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Cue up the scene in that terrible Stones film Let's Spend The Night Together where old Keith wacks a dude with his Telecaster.

Or the scene from Altamont where Keef is saying(in your best drunk british hooligan accent) "If that cat right there don't knock it off man"

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:P good - this is more complex than even i at first thought!

 

complex is not the first word that came to mind when thinking about your posts and rationale.

 

To me, common sense is lacking in your arguments. Whatever though ... I think the general consensus on the board is that whatever transpired (punch, no punch), Jeff was justified in whatever course of action he took the second the guy made physical contact with him.

 

I personally wouldn't want anyone living in my neighborhood with my family if they think that unwanted physical contact is acceptable if the person initiating the contact doesn't intend to harm them and it is the responsibility of the recipient to know what the intentions are of such a person. Because that's what I hear you saying:

 

1. How do we know the guy meant to hurt him?

2. Why would Jeff ever think such a thing?

3. What kind of world do we live in where it is that kind of thinking that is the norm

4. Boy, no wonder our politics are in the state they are in ...

 

It sure seems to me that all the responsibility and accountability is falling on Jeff and not the drunken idiot. Is that your rationale? Is that the same rationale you use for rapists/rape victims and pedophiles/victims? Is it the responsibility of the victim to know the intentions of the assailant?

 

Such an analogy seems extreme, but to me it highlights the stupidity of your rationale. And not to be mean, but stupid was the nicest word I could come up with to describe your rationale.

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I don't really want to explain why I used the word 'complex'. Let's just say your interpretation of why I used it was wrong.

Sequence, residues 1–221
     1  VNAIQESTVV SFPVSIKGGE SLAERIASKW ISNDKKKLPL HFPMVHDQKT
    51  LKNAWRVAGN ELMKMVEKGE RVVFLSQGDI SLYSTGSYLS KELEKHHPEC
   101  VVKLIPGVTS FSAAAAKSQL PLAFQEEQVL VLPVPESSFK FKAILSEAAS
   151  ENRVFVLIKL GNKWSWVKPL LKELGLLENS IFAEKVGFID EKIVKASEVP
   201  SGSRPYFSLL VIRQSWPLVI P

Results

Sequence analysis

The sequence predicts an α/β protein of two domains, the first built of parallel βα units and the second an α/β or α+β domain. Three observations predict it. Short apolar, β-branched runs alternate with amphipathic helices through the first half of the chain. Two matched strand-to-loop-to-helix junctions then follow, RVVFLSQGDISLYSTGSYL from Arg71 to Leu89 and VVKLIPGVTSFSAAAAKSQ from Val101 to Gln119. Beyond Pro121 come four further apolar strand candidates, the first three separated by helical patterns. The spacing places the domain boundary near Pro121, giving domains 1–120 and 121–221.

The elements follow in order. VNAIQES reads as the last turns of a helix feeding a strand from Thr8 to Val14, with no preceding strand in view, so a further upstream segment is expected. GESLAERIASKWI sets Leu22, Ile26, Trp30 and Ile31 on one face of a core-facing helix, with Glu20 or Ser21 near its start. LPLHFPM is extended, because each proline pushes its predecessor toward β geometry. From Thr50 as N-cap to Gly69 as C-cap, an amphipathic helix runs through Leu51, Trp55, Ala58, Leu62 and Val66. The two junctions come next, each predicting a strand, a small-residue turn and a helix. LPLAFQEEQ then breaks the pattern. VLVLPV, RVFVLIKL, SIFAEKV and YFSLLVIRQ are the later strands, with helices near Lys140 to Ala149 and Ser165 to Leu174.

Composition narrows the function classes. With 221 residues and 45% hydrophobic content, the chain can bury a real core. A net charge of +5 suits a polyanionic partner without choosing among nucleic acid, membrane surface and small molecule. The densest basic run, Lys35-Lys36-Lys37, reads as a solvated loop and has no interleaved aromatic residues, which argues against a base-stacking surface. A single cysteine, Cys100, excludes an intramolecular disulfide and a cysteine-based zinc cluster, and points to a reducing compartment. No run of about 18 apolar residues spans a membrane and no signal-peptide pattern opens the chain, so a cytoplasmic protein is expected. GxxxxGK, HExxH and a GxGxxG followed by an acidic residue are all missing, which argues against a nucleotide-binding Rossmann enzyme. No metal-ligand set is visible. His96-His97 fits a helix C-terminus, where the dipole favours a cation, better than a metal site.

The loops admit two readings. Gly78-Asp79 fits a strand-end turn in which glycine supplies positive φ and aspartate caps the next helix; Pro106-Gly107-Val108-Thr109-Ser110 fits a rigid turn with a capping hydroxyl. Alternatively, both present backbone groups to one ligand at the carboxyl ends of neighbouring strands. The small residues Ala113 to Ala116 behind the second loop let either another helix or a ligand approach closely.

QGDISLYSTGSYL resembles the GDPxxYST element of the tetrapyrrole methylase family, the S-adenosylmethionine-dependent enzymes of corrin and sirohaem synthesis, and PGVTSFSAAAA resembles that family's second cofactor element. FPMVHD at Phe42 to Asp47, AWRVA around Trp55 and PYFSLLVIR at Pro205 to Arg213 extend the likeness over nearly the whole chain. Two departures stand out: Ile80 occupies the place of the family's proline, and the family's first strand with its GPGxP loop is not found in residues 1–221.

I am fine in the notion that Jeff was justified in hitting the bloke. I've always said that. I also think that the guy probably was a complete numpty. I've never disagreed with that either. I have only ever taken issue with the fact that he was a threat.

 

How many people would have posted the same comments in this thread if Jeff had put his arm around the guy and kissed him back? Nothing would have changed accept Jeff's responce to the situation - that phantom threat of extreme violence stilll remains doesn't it? Would you be saying - fuck me, Jeff is bit blahzay about his personal safety isn't he! or Damn he's a real nice guy, he even put his arm around the bloke!

 

All my posts in this thread really have nothing to do with Jeff or the events as such, they are about how people perceived it.

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I am personally always astonished at how well jeff puts up with drunken/drugged behavior--usually with a smile and/or a joke--especially considering his own sobriety.

 

One of the things that always makes me admire jeff is how he tries to look after his die-hard fans, whether it's telling obnoxious talkers to shut the F up, or telling incessant song-requesters to chill, etc.

 

This is a guy who puts up with a lot, in a very mature and usually humorous way. So when a member of the audience tramples on that relationship, I think it is perfectly understandable and acceptable for jeff to react, with force if necessary. How many other lead singers give so much to their fans as jeff does?

 

Reading about this whole episode just makes me embarrassed for that idiot really.

 

Thankfully jeff knows that this asshole is just an aberation, and I doubt if he gives it much thought in the future

 

edit: also, considering the facts that (i) Jeff just lost his mother, and (ii) he was playing a song like "Airline to Heaven"--without ascribing any specific beliefs or perspectives or whatever to Jeff--it is entirely possible that while playing a beautiful and soulful song like that that his mind was in an entirely different place, and when all of the sudden someone grabs him, that could very well feel like a jarring assault, whether the drunkard's intentions were harmless or otherwise.

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Just jumping onto stage isn't necessarily a breach at certain types of shows. As has been stated, at some kinds of shows it is expected or even encourage. I've never been under the impression that a Wilco show was like this at all though. If that guy thought so, well, he's an idiot, but whatever.